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Re: Oracle on Windows Server Vs Xp-Pro

From: Niall Litchfield <>
Date: 23 Dec 2004 02:01:22 -0800
Message-ID: <>

Newton Bolton wrote:
> Howard J. Rogers wrote:

> > ...and in particular this bit:
> >
> > "For Windows XP Professional, the maximum number of other computers
> > are permitted to simultaneously connect over the network is ten.
> > limit includes all transports and resource sharing protocols
> > For Windows XP Home Edition, the maximum number of other computers
> > are permitted to simultaneously connect over the network is five.
> > limit is the number of simultaneous sessions from other computers
> > system is permitted to host."
> >

> > Next, read the EULA (eula.txt in \WINDOWS\system32):
> >
> > * Installation and use. You may install, use, access,
> > display and run one copy of the Product on a single
> > computer, such as a workstation, terminal or other device
> > ("Workstation Computer"). The Product may not be used
> > by more than two (2) processors at any one time on any
> > single Workstation Computer. You may permit a maximum
> > of ten (10) computers or other electronic devices (each
> > a "Device") to connect to the Workstation Computer to
> > utilize the services of the Product solely for File and
> > Print services, Internet Information Services, and remote
> > access (including connection sharing and telephony
> > services). The ten connection maximum includes any
> > indirect connections made through "multiplexing" or other
> > software or hardware which pools or aggregates
> > connections. Except as otherwise permitted by the
> > NetMeeting, Remote Assistance, and Remote Desktop
> > features described below, you may not use the Product
> > to permit any Device to use, access, display or run other
> > executable software residing on the Workstation Computer,
> > nor may you permit any Device to use, access, display,
> > or run the Product or Product's user interface, unless
> > the Device has a separate license for the Product.
> If another Windows Workstation is running a legal copy of the same
> version of Windows, ( "the Product"), then it DOES have a separate
> license for "the Product", and it can connect legally to the
> workstation. If that is not what this means, then what else would
> "unless" clause mean?

The clause is talking about running executables on a workstation. It says that you are only permitted to do this under the terms of the remote desktop and associated technologies license. In addition you are only allowed to run the user interface for windows workstation from another box if you have a windows licence for that second box (so no remote control of windows machines from linux boxes by the look of it). The english meaning of the above is in fact plain. You are not allowed to use the workstation product as a server, moreover the number of remote control and sharing type apps at any one time is limited to 5 or 10. The legal meaning would of course require a lawyer.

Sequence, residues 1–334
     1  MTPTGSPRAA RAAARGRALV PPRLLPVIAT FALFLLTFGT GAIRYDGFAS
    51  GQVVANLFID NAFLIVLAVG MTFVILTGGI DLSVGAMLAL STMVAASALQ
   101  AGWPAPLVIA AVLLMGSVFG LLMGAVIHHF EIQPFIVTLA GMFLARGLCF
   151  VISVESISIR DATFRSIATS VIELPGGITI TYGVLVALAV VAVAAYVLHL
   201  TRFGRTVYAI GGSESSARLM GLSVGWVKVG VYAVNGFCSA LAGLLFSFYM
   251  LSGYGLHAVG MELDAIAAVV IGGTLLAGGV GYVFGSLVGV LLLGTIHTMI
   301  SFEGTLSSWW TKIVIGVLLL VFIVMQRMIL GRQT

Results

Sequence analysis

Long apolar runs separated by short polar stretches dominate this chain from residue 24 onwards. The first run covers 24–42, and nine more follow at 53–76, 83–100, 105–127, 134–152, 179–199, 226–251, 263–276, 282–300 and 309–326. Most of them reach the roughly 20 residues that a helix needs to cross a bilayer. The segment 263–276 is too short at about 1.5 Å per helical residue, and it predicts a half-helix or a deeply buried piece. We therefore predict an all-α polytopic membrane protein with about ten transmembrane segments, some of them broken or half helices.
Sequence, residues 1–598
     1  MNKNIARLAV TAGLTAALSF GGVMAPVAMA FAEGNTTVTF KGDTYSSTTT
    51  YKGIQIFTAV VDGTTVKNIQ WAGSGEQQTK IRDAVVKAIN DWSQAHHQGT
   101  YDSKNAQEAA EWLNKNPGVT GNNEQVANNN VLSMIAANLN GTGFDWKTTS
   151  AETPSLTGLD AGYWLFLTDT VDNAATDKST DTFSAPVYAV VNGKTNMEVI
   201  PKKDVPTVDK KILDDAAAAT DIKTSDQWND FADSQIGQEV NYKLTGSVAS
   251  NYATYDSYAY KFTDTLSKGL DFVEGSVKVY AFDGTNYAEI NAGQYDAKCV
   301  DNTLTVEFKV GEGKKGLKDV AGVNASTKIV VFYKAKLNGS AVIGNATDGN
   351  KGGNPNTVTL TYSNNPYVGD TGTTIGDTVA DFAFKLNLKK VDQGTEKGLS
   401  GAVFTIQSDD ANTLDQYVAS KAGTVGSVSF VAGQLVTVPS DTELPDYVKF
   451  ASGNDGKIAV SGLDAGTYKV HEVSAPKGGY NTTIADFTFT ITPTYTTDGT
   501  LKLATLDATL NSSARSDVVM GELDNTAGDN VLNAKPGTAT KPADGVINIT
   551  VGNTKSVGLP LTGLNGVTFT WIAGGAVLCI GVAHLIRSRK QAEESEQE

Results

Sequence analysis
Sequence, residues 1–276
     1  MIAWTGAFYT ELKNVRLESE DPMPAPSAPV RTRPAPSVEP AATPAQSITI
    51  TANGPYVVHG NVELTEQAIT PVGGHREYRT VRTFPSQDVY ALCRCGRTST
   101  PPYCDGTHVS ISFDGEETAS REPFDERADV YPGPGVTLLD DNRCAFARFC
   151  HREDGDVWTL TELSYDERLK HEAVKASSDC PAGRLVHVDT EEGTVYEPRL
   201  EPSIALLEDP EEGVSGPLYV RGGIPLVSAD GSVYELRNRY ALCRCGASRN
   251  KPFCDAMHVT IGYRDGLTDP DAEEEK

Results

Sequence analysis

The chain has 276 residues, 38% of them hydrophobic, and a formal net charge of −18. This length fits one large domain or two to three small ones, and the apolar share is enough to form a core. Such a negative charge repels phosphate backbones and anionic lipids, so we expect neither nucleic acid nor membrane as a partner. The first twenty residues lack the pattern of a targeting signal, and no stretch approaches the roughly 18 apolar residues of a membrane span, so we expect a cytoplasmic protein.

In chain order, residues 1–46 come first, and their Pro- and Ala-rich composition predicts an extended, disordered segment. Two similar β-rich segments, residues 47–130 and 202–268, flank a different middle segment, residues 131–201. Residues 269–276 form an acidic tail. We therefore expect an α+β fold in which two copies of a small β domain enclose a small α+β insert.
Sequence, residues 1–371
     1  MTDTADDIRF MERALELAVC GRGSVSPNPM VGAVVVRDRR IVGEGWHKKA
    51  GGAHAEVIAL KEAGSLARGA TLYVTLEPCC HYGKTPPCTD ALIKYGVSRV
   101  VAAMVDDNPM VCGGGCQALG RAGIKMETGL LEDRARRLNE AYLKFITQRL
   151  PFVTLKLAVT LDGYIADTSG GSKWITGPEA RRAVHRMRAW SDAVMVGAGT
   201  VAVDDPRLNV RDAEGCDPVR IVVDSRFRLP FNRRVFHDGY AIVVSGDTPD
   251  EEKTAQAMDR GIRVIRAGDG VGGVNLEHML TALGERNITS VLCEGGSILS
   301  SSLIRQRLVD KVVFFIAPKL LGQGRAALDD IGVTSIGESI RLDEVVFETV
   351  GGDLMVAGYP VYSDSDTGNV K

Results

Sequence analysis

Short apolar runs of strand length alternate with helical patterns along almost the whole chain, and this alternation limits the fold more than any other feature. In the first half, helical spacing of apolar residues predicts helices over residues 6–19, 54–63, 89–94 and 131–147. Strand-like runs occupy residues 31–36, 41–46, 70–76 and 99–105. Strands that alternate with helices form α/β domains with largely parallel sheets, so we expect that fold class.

> If they are trying to forbid using the workstation to serve an Oracle

> Database to a few users, wouldn't they say so?

I believe that they have. On the other hand as you have to pay at least $745 for the Oracle software (based on the 5 user minimum for std edition 1) paying the $500 or so that windows server cost last time I looked doesn't seem entirely onerous.

> Also, what about SQL-Server? Is SQL-Server restricted on workstation

> class machines?

In a word yes. Only the developer edition will even install on Microsoft's workstation OS.

> It is curious that this clause is so general. What is a "Device"?
Is a
> bar-code scanner a "device"? It certainly connects to the PC and
> its resources. What about a palm-pilot attached to the serial port?
> a pen-based tablet, or a device that reads input from a labratory
> or temperature sensor???

same thing applies to a lot of recent licenses, especially for server products when you don't know *how* someone is using your internet accessible service.

> >
> > So, single-user Oracle only according to that. Which I must say
came as
> > a bit of a shock, even to me.

doesn't surprise me at all, especially given that MSSQL is limited in the same way.

> > So am I "certain that the limitation would stop connections to
> > Absolutely 1000%, provided only that you care about being legal.
> > What one manages to get away with, and what one can legally achieve
> > regrettably, often two completely different things!
> >
> > For an even more certain answer, however, I think you should get in

> > contact with Microsoft directly.

> I don't know that this is so certain. They will naturally give you
> answer that is most restrictive. Contracts are always subject to
> interpretation. Each party to a contract has the right to make good

> faith interpretations of the meaning of the language.

Up to a point. On the other hand, as Howard as ably demonstrated these restrictions are widely available and discussed in the public domain, given this it would be hard to argue 'good faith' in court.

Niall Litchfield
Oracle DBA Received on Thu Dec 23 2004 - 04:01:22 CST

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